Both my mother’s and father’s families lived in Ohio in the last two centuries. Early in my Ohio research, I joined the Hamilton County Genealogical Society, a chapter of the Ohio Genealogical Society. On HCGS web site, I read about the lineage societies they sponsor:
Century Families of Hamilton County – This program honors the descendants of the pioneers who settled (or were born) in Hamilton County between 1 January 1861 and 100 years ago from today.
Settlers and Builders of Hamilton County – This program honors the descendants of the pioneers who settled (or were born) in Hamilton County between 1 January 1821 and 31 December 1860.
First Families of Hamilton County – This program honors the descendants of the pioneers who settled in Hamilton County prior to 31 December 1820.
“Wow!” I thought, “I’ve got people in Cincinnati back to about 1817, I’ll apply. Piece of cake.” I downloaded the forms and read through the pages of instructions. This was not going to be as easy as I had first thought. I quickly determined that I should take baby steps with the applications, applying for Century Families first, then Settlers and Builders and eventually First Families.
I would need to supply copies of evidential documents for name, birth date and place, parents names, death date and place, marriage date and place. The documentation must start with me and work backwards in time to the ancestors eligible for Century Families (my maternal grandparents and both sets of great-grandparents on that side). Where did I have a copy of my birth certificate? I had been married, widowed, and married again, so I needed marriage and death certificates to prove how the name on my birth certificate had morphed into the name I have now. I was used to gathering such documents for my ancestors, but not for myself. Compiling the records for my parents was easier since I had obtained birth, marriage and death certificates a few years ago.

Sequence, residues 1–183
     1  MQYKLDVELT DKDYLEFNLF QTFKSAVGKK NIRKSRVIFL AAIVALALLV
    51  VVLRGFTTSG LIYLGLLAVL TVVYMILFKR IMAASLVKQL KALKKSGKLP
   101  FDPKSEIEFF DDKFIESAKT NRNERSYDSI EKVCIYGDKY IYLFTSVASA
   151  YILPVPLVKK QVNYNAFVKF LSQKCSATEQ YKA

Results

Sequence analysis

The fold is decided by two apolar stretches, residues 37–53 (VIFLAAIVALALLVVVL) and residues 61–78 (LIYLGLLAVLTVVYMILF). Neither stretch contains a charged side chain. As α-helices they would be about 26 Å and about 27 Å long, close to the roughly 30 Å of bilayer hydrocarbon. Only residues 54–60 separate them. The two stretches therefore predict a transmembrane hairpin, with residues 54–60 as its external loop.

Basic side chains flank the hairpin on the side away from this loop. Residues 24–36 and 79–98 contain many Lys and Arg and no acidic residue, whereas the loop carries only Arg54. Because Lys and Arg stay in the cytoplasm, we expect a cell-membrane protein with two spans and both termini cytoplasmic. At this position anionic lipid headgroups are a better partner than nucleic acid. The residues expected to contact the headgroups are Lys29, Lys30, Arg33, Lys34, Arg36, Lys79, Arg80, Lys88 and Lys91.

I turned to the binders I use to capture documents I had on the earlier generations. There is nothing like revisiting your research and supporting documentation to point out the “holes” in your study. I re-examined each document to make sure that they “proved” what I thought they did. More importantly, would the lineage society committee find them sufficient proof for the facts stated?
In the summer of 2011, I conscientiously accumulated all my evidence, wrote source citations in the margins of each along with my name and membership number on the back. My Century Families application packet was 32 pages and included 25 source documents. I must have done a good job because my application was accepted without a peep from the committee. My Century Families medal and certificate arrived in the mail shortly after the awards luncheon.
This year I applied for the Settlers and Builders society for one set of great-great-grandparents and their parents. The application packet added 20 pages and 13 source documents to the first. Several of the documents were in German and required “certified translation.”
This time I heard back from the review committee regarding my application. I needed additional documentation to prove the full names for some of my ancestors. Francis Seraph Huber was sometimes “Frank S.” “Franz” or just “Frank.” (Including his middle name was important to me because his father had been one of the founders of Cincinnati’s St. Francis Seraph church.) His wife Mary Louisa Danheimer appeared in various documents as “Mary”, “Mary L.” and “Louise.” A death certificate showing my great-great grandmother had been born in Cincinnati was not sufficient proof of her birthplace. I needed to supply a census record to back up that fact.
I am thankful for a patient and kind committee chair, Kenny Burck, who guided me in submitting the necessary supplemental documents. My medal and certificate arrived in the mail earlier this month. Next year, my goal is to apply for First Families of Hamilton County.
So, why apply for a lineage society?
The process of completing the application and supplying necessary proof documents was a great learning experience. Reviewing previous research and documents pointed out weaknesses in the stories of my ancestors. The application began with me and worked backward in time, generation by generation. This is the model that our research should follow. Each statement of fact required one or more document to substantiate that fact. And each document required a source citation. All of these good genealogical practices were reinforced in the application process.
And besides, the medals are cool and can be worn as conference bling!